The decision

Upper Tribunal

(Immigration and Asylum Chamber)
Appeal Number: DA/00025/2019


Heard at Field House
Decision & Reasons Promulgated
On 3 February 2020
On 16 March 2020






For the Appellant: Ms Cunha, Senior Presenting Officer
For the Respondent: Ms Ahmed, instructed by Lincoln Lawrence Solicitors


1. Joshua [A] is a Nigerian national who was born on 9 May 1999. On 11 September 2019, First-tier Tribunal Judge G Clarke allowed his appeal against the Secretary of State's decision to deport him from the United Kingdom. The Secretary of State was subsequently granted permission to appeal against that decision. We shall refer to the parties as they were before the FtT.

2. We need not set out the appellant's immigration history in any detail. It suffices to state that he came to the UK as a young child in 2003; he was issued with an EEA Residence Card in 2010; and that he was issued a Permanent Residence Card on 18 February 2014. His entitlement to these documents arose a result of his father's French nationality.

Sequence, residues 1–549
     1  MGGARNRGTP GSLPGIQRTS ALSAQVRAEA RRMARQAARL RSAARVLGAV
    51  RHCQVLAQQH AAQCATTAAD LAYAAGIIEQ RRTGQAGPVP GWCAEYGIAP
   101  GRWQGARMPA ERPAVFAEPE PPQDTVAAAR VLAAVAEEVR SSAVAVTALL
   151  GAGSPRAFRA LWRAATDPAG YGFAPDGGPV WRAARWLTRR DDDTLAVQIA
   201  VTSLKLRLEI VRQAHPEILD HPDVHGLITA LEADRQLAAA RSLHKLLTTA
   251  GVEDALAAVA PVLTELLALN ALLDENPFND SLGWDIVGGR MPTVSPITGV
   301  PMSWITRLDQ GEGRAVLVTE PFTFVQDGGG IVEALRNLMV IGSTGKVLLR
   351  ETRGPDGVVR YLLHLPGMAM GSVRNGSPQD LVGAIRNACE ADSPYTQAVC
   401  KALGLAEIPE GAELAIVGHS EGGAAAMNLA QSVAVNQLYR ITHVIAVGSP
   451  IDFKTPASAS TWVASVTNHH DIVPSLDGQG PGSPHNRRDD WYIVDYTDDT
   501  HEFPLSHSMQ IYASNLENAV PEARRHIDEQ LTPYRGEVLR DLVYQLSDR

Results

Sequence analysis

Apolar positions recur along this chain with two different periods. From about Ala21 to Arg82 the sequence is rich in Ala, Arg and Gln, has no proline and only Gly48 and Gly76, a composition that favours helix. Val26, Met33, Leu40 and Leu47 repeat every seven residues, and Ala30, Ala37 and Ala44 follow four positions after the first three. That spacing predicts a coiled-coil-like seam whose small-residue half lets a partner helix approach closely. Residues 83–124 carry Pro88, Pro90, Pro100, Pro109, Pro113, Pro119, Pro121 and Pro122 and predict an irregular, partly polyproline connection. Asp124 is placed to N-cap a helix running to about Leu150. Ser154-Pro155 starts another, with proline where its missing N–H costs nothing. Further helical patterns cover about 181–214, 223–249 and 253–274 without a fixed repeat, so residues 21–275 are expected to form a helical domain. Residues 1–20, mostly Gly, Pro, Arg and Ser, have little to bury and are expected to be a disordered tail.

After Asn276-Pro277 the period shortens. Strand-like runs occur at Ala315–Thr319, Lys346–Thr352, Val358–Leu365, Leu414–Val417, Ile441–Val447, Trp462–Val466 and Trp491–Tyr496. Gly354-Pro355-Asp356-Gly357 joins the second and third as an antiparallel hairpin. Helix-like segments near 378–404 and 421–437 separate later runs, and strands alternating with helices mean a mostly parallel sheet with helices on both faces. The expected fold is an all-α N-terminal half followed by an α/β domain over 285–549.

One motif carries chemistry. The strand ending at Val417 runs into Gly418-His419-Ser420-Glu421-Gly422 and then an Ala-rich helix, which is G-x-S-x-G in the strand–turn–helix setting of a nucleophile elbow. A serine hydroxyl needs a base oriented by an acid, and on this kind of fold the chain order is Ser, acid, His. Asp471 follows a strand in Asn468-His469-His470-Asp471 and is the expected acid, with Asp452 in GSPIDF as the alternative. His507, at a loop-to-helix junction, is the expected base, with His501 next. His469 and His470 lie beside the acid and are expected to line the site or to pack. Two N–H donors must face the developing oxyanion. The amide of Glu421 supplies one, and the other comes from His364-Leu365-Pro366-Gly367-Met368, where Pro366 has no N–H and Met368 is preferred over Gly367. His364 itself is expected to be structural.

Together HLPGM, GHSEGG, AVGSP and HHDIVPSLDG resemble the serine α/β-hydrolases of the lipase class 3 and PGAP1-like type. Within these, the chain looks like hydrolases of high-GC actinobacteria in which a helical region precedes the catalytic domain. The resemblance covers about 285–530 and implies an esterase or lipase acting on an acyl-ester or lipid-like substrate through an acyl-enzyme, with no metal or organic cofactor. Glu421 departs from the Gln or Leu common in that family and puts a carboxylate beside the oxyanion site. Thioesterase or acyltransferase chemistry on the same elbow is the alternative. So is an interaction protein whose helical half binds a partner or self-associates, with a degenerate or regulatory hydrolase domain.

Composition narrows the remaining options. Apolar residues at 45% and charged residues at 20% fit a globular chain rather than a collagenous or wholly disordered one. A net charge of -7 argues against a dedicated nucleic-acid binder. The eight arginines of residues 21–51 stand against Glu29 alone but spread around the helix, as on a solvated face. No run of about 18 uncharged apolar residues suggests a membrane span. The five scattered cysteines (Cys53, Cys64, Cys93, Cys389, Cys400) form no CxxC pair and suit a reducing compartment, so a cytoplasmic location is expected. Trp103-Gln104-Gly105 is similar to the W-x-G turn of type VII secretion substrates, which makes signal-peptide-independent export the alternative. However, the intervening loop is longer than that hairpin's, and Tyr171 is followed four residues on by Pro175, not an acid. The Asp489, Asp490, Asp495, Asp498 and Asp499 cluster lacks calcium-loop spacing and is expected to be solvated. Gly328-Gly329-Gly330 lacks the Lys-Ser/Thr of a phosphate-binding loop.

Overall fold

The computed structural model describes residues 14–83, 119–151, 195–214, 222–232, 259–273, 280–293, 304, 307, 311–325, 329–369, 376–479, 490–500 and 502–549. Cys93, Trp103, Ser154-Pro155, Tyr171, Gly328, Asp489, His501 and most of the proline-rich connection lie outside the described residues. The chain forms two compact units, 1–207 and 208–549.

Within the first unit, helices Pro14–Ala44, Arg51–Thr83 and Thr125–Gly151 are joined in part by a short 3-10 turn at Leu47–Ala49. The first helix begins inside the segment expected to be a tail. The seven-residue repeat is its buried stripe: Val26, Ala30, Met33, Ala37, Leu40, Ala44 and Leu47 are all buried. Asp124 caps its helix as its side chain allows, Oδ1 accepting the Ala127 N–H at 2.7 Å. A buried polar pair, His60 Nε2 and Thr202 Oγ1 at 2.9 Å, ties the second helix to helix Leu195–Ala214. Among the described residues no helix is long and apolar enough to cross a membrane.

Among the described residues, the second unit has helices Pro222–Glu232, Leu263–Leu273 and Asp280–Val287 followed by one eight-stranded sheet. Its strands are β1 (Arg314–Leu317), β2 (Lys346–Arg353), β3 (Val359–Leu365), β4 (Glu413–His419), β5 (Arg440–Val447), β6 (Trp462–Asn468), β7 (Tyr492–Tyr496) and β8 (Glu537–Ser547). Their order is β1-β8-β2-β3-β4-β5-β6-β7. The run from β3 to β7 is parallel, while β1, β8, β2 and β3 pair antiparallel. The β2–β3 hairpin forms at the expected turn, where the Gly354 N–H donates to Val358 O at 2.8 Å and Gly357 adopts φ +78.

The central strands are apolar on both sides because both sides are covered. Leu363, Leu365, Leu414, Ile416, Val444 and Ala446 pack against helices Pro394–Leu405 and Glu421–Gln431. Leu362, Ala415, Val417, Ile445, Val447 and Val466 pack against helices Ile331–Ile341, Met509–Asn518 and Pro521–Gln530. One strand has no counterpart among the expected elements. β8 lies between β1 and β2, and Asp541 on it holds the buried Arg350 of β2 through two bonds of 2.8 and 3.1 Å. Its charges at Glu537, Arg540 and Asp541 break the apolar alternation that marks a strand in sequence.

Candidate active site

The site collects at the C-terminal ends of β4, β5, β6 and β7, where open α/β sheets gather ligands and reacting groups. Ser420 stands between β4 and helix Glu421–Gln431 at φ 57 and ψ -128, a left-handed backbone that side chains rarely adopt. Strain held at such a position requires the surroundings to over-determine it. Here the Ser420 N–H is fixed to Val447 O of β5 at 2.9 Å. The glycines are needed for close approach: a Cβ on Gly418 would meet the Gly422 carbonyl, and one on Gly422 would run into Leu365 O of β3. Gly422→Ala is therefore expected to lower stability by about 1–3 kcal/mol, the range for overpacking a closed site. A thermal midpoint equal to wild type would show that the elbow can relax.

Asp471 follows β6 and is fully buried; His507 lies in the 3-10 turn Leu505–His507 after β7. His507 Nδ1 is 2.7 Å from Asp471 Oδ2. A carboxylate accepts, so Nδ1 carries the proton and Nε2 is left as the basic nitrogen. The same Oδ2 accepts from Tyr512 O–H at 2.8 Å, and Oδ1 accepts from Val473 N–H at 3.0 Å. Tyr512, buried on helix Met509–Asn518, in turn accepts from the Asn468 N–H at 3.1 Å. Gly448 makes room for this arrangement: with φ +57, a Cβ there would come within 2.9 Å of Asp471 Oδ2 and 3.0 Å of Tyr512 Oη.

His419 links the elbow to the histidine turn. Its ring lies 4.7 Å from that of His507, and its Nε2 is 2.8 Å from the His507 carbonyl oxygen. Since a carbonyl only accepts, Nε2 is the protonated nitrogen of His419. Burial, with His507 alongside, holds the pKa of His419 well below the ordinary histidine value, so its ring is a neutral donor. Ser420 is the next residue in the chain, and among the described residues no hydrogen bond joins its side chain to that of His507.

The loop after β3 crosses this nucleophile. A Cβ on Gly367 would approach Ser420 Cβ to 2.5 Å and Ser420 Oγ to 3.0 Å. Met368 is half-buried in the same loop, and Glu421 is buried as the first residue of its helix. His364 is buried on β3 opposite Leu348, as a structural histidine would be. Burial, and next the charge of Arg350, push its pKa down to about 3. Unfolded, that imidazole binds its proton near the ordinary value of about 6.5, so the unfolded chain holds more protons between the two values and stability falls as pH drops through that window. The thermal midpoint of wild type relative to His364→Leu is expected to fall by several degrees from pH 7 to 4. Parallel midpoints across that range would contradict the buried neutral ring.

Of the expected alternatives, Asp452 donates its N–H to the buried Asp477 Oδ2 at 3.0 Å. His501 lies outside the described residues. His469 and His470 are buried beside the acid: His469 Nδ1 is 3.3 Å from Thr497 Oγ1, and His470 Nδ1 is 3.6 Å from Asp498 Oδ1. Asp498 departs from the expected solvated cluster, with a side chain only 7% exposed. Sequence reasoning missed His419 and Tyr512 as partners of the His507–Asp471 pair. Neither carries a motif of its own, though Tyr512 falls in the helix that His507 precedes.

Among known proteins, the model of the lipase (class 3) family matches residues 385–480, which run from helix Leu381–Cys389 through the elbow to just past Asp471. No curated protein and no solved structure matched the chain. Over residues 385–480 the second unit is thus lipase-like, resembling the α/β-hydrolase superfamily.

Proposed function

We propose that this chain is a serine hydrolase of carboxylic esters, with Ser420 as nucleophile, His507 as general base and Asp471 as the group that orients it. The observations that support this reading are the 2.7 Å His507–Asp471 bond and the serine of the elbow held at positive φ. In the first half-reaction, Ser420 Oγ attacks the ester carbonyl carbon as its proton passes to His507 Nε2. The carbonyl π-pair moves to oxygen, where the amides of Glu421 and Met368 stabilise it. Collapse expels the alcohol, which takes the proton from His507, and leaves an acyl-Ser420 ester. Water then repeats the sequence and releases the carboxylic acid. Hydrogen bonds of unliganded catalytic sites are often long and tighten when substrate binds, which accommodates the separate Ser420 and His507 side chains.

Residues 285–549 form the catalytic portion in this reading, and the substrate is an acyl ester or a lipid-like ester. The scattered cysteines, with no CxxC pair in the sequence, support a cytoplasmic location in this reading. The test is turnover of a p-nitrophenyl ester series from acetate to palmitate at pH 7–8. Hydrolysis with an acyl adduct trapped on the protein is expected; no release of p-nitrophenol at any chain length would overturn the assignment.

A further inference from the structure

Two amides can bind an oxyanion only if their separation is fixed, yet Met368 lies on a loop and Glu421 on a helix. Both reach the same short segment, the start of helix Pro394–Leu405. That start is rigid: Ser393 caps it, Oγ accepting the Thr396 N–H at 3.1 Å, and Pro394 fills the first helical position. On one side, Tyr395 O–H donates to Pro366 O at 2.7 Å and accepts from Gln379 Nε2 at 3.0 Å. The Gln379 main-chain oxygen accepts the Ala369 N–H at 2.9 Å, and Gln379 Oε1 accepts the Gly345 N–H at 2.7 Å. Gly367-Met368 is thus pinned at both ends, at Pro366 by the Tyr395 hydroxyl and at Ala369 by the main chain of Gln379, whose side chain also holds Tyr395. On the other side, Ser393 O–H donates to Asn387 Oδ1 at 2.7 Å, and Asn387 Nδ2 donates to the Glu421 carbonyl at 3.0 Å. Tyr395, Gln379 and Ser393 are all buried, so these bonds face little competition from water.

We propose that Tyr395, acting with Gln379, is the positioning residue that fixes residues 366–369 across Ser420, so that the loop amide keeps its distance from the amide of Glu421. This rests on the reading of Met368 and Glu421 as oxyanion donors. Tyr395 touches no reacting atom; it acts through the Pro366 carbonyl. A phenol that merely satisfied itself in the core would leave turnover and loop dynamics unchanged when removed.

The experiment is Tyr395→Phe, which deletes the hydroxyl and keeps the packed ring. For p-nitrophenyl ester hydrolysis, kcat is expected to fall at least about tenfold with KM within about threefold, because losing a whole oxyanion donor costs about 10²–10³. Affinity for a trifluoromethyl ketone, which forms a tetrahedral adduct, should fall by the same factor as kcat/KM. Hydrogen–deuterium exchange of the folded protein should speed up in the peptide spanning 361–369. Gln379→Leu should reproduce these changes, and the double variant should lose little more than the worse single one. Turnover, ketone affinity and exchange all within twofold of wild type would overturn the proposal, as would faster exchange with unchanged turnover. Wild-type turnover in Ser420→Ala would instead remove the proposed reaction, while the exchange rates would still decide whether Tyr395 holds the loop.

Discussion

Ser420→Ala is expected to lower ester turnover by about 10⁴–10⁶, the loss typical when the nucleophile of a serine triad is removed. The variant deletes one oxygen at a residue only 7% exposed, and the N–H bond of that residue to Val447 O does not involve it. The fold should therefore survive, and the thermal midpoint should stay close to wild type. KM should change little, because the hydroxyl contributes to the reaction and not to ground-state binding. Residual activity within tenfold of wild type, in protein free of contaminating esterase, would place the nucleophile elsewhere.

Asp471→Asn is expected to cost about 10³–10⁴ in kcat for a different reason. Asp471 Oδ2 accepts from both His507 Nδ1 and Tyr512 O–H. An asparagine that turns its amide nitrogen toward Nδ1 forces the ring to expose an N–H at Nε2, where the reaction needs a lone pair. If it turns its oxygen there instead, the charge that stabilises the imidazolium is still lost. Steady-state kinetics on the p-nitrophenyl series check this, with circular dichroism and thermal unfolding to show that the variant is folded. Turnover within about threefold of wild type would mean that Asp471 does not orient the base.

3. Nor is it necessary for the purposes of this decision for us to set out in full the appellant's extensive offending history. The Police National Computer printout which was before the First-tier Tribunal documents ten theft and kindred offences; six offences relating to police, courts or prisons; six drug offences; and one offence relating to firearms, shotguns or offensive weapons. The earliest offence was committed on 7 March 2013. The most recent offences were committed on 22 November 2017, when the appellant was found to be in possession of Crack Cocaine and Heroin with intent to supply. For those offences, he was sentenced by Inner London Crown Court to a total of 28 months' imprisonment in a Young Offenders Institution. It was during the appellant's sentence for these offences that the respondent initiated deportation action under the Immigration (EEA) Regulations 2016. Ultimately, the respondent decided to make a deportation order under those Regulations on 27 November 2018 and it was against that decision that the appellant appealed to the First-tier Tribunal.